If you are seeking to solve a problem, what do you want to have happen?
This question applies whether it is a high level strategy for a multinational corporate, or someone thinking about an important telephone call.
There is no point in having an outcome that is not achievable.
A well formed outcome is one that is achievable and purposeful and which satisfies all the following six criteria:
1 Positive—it is expressed in positive language
For example, “I want my staff to leave on time”; not “I don’t want my staff complaining because they have to stay late”.
2 Size—it is suitably sized: not too big to be unachievable (or unaffordable), not too small to be pointless
This points up the fact that an activity is are often part of a larger activity which is part of… The “how do eat an elephant?” question is relevant here.
3 Control—it is within your control: it doesn’t rely on the agreement of a third party over whom you have no authority (in practice). The classic example is the mother whose outcome is for her daughter to tidy her room—that is not a well formed outcome!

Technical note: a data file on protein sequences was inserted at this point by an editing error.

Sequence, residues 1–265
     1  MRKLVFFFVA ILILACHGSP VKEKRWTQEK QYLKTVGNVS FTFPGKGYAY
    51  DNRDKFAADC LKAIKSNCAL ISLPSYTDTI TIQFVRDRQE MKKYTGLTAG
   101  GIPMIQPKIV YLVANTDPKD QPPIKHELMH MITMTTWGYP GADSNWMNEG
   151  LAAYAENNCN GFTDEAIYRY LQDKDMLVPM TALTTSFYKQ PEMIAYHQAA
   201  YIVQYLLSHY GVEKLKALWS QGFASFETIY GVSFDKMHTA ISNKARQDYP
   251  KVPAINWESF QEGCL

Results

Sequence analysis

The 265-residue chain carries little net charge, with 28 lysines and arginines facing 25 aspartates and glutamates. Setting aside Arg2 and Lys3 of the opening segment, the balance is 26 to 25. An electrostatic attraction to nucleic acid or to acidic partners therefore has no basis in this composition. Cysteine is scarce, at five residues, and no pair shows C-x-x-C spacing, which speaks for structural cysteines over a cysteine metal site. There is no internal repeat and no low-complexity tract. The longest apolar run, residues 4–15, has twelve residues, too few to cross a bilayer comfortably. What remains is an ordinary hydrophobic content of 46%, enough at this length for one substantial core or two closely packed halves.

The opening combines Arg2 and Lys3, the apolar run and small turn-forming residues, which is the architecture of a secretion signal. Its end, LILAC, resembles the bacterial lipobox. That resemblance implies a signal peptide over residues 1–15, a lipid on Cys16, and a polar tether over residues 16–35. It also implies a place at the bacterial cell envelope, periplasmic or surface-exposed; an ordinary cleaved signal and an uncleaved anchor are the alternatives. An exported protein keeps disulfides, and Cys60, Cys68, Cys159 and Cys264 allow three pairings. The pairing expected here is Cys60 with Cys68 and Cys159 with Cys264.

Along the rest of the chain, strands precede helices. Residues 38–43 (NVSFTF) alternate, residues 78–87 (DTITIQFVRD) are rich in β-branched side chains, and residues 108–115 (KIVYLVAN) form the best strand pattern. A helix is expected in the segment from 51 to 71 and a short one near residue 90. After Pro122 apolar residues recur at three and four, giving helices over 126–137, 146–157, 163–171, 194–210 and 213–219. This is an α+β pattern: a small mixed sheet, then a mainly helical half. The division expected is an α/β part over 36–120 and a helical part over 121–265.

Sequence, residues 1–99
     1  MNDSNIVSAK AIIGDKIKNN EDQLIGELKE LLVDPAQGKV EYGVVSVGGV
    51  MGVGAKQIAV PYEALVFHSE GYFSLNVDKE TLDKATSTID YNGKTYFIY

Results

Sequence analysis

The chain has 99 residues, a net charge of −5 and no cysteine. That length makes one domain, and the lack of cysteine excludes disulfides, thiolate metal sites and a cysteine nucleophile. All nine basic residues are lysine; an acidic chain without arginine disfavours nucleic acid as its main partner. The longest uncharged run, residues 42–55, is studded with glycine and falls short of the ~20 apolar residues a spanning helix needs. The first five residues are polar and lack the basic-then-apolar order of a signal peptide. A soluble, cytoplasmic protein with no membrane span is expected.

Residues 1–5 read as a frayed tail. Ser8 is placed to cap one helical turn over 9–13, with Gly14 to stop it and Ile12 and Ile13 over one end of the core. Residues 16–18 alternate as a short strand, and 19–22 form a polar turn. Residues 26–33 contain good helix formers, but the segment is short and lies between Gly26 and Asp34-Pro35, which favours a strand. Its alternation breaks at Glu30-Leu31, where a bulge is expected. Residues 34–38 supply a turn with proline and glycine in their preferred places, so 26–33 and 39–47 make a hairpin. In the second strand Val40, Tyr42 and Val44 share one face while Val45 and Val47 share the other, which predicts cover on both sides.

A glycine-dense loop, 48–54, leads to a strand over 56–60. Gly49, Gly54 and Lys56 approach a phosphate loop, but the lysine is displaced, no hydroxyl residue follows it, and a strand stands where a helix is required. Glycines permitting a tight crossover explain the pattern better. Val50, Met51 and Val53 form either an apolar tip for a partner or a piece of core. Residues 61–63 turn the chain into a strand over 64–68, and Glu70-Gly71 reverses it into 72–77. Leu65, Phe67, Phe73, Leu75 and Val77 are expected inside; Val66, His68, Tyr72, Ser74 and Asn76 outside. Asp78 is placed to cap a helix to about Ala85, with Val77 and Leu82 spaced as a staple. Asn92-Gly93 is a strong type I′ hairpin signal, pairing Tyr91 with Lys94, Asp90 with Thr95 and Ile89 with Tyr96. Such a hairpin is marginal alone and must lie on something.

So, any contributions needed from third parties must be known to be available.
4 Resources—you can identify, and have access to, all the resources needed to achieve the outcome (not just some of them).
5 Reality—you can state how you know the outcome has been achieved and, maybe, you will be able to measure it.
6 Context—you can identify, and be able to counter, any undesirable consequences (eg, effects on other areas and systems in a business; effects on suppliers, clients and others). If the cost of achieving the outcome is greater than the value of achieving it, it isn’t a well formed outcome.
by Jeremy Marchant . © 2015 Jeremy Marchant Limited . added 28 april 2015 . image: Free images
I know I go on a bit at times! This is the fifth of what will be many short pieces, each restricted to 300 words, and each about a key topic in the worlds of emotional intelligence or work or both. The title is named for Krzysztof Kieślowski, who directed a couple of excellent films in the eighties with the name, A short film about…